Sunday, September 20, 2009

Ken Henry's grain of mustard seed - what to expect

"Like the grain of mustard seed in the parable Rudd would have read about in his studies of Christianity - when planted, the Henry Review became impossible to control"

Staff at the Henry Tax Review have begun drafting the chapters of a final report set to surprise just about everyone who was there at its birth.

Gathered around butchers' paper stuck to one of seven pinup boards in the Great Hall of Parliament House 17 months ago the taxation group at the 2020 Summit decided the only thing it could sensibly recommend was a complete tax inquiry.

On that day the topics participants including former Reserve Bank Governor Bernie Fraser and businessmen Lachlan Murdoch and Fred Hilmer had in mind did not seem particularly grand. They spoke about about how to better mesh the tax and welfare systems and how to ensure that foreign companies could easily invest in Australia .

They might have been surprised by pay-as-you-drive road taxes policed by geosynchronous satellites, death duties, wealth taxes, higher capital gains and resource rent taxes, the withholding of superannuation until the age of 67 as well as the shaving of corporate tax rates and the slashing of taxes on insurance.

Wayne Swan might have been surprised as well. In announcing the review on the eve of his first budget he was clear about what it could not do. It could not recommend broadening or boosting the Goods and Services Tax, it had to preserve tax-free super payments for over 60s and it couldn't tamper with the government's announced "aspirational" tax cuts for high income earners.

Since then the government itself has ditched the aspirational tax cuts, the Henry Review has found other ways to restrict superannuation payouts and its report is set to at least give a nod to the long-term case for a higher consumption taxes...

Anyone who expected Treasury boss Ken Henry to do any different overlooked both his history and the way in which he spoke about his task.

In 2006 Prime Minister John Howard appointed Henry to a task group on emissions trading with terms of reference that required it to advise on a "workable global trading system". Instead it suggested a standalone Australian system.

In 2008 Communications Minister Stephen Conroy appointed Henry to a panel to examine proposals to build a fibre-to-the-node broadband network. Instead it suggested a fibre-to-the-home network.

Henry speaks about the review as a once-in-a-generation game changer. This is partly good news for Rudd and Swan because it releases them from the obligation to act on the recommendations quickly in what will be the lead-up to an election. Henry points out that the 1975 Asprey Tax Review had to wait 10 years for the capital gains tax it recommended and 25 for the goods and services tax . He told a conference in August some of his recommendations might only become possible "sometime in the future when technology is available".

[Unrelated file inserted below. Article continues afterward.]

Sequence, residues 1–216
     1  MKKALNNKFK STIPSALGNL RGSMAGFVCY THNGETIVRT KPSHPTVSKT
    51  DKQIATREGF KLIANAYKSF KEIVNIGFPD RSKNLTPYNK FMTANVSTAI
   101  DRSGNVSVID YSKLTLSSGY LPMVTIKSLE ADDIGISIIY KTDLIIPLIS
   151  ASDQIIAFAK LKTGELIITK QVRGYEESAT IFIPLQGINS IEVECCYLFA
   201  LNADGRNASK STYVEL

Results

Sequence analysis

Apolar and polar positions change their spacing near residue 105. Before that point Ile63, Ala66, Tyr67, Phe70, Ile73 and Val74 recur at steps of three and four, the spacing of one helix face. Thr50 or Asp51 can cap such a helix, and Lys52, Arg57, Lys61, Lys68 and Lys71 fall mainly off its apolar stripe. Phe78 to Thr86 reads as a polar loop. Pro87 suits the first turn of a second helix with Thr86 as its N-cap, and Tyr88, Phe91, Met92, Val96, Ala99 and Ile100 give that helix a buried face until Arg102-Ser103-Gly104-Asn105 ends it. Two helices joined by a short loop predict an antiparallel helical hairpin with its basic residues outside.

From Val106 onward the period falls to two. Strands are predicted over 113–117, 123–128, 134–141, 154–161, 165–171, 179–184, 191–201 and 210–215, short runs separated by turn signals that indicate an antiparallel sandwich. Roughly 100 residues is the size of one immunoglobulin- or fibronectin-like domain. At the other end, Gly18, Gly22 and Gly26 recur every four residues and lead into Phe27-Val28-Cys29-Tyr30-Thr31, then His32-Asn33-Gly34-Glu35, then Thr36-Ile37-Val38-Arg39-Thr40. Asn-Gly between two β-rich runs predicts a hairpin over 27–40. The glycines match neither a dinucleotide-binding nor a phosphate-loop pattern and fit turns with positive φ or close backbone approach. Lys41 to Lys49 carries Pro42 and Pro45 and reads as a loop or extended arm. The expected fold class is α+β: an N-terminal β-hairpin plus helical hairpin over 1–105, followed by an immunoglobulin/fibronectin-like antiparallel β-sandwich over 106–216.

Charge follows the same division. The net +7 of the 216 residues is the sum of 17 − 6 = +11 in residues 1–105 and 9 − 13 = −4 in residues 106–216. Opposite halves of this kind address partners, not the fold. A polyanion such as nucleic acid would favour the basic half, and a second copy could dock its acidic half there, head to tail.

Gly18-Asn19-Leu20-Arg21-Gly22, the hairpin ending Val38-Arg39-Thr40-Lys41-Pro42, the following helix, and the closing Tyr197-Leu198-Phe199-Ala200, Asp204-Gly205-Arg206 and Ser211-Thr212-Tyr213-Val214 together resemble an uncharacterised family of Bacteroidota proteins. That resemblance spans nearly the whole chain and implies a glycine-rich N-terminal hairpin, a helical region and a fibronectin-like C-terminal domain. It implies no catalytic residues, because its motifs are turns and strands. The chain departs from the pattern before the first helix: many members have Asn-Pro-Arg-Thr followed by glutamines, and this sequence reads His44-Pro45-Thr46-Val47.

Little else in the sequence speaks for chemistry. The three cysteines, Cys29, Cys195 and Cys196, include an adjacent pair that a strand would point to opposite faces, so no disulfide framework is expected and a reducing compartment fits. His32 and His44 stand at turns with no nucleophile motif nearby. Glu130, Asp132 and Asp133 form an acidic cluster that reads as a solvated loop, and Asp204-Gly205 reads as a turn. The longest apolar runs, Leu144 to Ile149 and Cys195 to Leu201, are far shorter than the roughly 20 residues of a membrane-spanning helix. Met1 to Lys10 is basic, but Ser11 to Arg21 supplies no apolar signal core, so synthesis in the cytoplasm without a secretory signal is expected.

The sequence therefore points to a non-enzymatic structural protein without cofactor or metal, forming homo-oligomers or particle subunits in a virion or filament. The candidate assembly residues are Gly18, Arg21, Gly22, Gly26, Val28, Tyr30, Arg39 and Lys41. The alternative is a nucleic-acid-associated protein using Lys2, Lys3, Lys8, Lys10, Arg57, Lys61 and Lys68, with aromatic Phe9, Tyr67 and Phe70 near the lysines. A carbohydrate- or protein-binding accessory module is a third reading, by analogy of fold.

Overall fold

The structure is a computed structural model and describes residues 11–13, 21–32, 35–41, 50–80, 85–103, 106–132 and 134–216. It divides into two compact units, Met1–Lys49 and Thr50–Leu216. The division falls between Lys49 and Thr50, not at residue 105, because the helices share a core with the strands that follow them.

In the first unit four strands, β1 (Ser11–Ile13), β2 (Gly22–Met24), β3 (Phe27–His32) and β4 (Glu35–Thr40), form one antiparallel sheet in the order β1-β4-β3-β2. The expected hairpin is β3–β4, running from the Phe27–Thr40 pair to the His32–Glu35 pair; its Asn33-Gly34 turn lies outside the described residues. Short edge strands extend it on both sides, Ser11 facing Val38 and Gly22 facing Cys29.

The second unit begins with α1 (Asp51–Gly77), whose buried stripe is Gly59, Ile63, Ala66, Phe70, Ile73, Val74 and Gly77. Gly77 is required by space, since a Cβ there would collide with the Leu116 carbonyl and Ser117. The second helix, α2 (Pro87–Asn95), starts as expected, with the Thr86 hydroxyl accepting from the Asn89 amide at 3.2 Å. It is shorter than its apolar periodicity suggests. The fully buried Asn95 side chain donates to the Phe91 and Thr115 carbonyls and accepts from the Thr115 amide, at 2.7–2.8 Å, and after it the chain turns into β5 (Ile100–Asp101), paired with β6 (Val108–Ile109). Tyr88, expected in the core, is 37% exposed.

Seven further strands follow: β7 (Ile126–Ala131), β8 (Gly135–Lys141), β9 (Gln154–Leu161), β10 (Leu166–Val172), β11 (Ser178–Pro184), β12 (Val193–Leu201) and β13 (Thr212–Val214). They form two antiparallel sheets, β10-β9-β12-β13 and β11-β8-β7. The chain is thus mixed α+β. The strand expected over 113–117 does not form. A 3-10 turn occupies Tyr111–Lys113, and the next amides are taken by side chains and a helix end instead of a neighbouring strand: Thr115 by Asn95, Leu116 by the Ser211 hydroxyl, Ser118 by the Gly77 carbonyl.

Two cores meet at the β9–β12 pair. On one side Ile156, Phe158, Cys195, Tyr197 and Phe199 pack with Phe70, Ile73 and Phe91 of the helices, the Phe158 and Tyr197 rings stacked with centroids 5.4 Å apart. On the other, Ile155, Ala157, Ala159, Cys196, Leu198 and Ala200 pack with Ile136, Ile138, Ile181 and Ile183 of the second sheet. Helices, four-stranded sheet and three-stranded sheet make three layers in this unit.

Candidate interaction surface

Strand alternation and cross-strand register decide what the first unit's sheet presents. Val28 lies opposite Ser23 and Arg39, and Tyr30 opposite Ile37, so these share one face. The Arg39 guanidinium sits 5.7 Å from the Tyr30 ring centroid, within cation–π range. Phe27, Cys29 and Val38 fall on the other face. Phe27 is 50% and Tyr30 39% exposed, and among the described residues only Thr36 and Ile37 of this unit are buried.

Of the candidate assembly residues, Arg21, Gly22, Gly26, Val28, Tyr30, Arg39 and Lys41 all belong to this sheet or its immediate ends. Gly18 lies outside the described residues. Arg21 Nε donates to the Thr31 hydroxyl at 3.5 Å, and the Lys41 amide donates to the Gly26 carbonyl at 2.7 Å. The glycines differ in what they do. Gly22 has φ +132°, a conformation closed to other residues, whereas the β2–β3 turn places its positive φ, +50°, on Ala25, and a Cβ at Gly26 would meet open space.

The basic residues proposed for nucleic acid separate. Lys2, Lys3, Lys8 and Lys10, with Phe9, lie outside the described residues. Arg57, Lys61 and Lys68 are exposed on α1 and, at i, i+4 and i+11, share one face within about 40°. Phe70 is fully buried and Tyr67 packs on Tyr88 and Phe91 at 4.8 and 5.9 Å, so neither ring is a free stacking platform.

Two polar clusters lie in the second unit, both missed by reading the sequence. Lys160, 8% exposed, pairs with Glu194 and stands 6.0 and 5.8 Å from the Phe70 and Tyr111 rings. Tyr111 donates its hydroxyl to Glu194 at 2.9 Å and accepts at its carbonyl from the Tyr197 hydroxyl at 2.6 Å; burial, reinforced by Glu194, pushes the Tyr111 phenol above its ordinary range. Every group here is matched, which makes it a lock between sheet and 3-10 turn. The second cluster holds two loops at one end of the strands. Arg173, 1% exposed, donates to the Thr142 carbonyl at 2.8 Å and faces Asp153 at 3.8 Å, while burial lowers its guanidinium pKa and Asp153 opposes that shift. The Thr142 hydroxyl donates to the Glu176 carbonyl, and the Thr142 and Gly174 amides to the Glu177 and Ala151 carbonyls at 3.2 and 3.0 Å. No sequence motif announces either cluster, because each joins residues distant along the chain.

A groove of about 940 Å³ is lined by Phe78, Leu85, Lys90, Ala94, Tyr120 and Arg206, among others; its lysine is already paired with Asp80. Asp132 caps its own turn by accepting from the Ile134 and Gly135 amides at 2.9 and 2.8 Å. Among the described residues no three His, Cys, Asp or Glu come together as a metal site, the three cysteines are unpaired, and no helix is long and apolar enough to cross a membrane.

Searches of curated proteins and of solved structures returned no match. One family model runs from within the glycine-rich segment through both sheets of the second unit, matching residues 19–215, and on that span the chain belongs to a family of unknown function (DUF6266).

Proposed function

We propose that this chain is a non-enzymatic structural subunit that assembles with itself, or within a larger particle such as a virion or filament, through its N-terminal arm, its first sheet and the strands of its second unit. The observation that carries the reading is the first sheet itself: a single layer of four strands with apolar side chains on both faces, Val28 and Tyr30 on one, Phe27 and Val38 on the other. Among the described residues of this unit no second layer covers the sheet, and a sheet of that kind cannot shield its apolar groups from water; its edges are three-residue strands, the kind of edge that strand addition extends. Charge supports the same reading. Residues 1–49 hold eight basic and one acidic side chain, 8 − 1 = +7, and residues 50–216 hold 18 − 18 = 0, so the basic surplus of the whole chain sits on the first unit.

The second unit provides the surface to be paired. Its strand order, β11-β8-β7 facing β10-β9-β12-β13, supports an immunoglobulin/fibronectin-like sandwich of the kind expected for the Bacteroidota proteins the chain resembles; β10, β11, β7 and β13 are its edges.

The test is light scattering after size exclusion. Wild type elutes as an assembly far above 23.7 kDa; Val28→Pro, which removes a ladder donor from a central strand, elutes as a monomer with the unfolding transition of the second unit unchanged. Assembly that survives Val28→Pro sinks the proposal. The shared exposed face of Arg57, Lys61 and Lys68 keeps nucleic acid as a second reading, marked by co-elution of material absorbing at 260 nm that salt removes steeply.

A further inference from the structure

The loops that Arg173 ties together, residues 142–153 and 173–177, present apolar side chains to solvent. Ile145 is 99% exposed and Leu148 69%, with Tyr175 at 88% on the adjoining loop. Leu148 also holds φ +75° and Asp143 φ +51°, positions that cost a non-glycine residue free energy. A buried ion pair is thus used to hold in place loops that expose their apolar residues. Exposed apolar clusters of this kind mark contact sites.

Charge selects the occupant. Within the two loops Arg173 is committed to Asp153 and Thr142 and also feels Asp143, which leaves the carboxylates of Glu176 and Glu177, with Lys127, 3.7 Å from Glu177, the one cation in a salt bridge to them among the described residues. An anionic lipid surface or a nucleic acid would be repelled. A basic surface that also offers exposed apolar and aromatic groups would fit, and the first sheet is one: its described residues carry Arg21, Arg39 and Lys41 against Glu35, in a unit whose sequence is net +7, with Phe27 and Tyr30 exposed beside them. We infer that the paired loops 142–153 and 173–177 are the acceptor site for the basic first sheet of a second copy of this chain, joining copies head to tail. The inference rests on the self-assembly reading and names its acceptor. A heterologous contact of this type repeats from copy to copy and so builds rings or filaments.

But the sweeping nature of the once-in-a-generation rethink also means Rudd and Swan genuinely could have had no idea of what was to become of what they started. Like the grain of mustard seed in the parable Rudd would have read about in his studies of Christianity, when planted it became impossible to control.

A better analogy is that of a review conducted from the deck of an alien spaceship just arrived on earth. Some things we do are so obviously strange - such as imposing special taxes on insurance that we impose on no other socially useful spending - that the alien couldn't help but notice.

Cheaper insurance

Insurance stamp duties and fire and emergency service levies add as much as 50 per cent to the cost of a premium on which the 10 per cent GST has already been paid. Every other product-specific supertax is imposed on a good or service thought to be bad such as alcohol or gambling or tobacco. Insurance is not a vice and should be taxed at no higher rate than everything else under the GST according to a recommendation to be included in the December report.

The fact that these are state taxes and the Henry Review is a Commonwealth committee won't worry it. Like an alien on the deck of a spaceship it will feel free to recommend the unthinkable - that our existing ideas about which part of government does what can be reworked.

Australia's system of alcohol taxation can kindly be described as uneven. It too will get attention.

No relief for homebuyers

But the Henry Review has come to the conclusion that other state taxes - much complained about - aren't actually that bad. Stamp duties on conveyancing and land transactions are charged at a time when people are already borrowing and can afford to pay. They don't much seem to be slowing our relentless desire to trade up and they help claw back the untaxed profits we pocket from the capital gains tax exemption on our family home. The Review won't recommend an end to real estate stamp duties for as long as the capital gains tax exemption remains, and even it is unlikely to have the courage to recommend that the exemption goes.

Payroll tax to stay

Payroll tax is also widely abhorred, but from the review's standpoint is pretty harmless. Not only will it stay in defiance of the bulk of submissions on the topic but the review will recommend it be extended by withdrawing a range of exemptions.

There are taxes that do genuinely hurt employment, and the review believes they are those that discourage foreign firms from setting up here and staying here.

Company tax to slide

A nation's rate of company tax turns out to be pivotal to its ability to attract and retain foreign capital. The Henry Review is convinced of that beyond doubt. While earlier tax reviews suspected it they lacked hard evidence in the form of cross-country studies that have only recently become available. They suggest that the gains from even small cuts to a nation's corporate tax rate are so big that Australia would be doing itself a disservice by leaving its rate at an uncompetitive looking 30 per cent.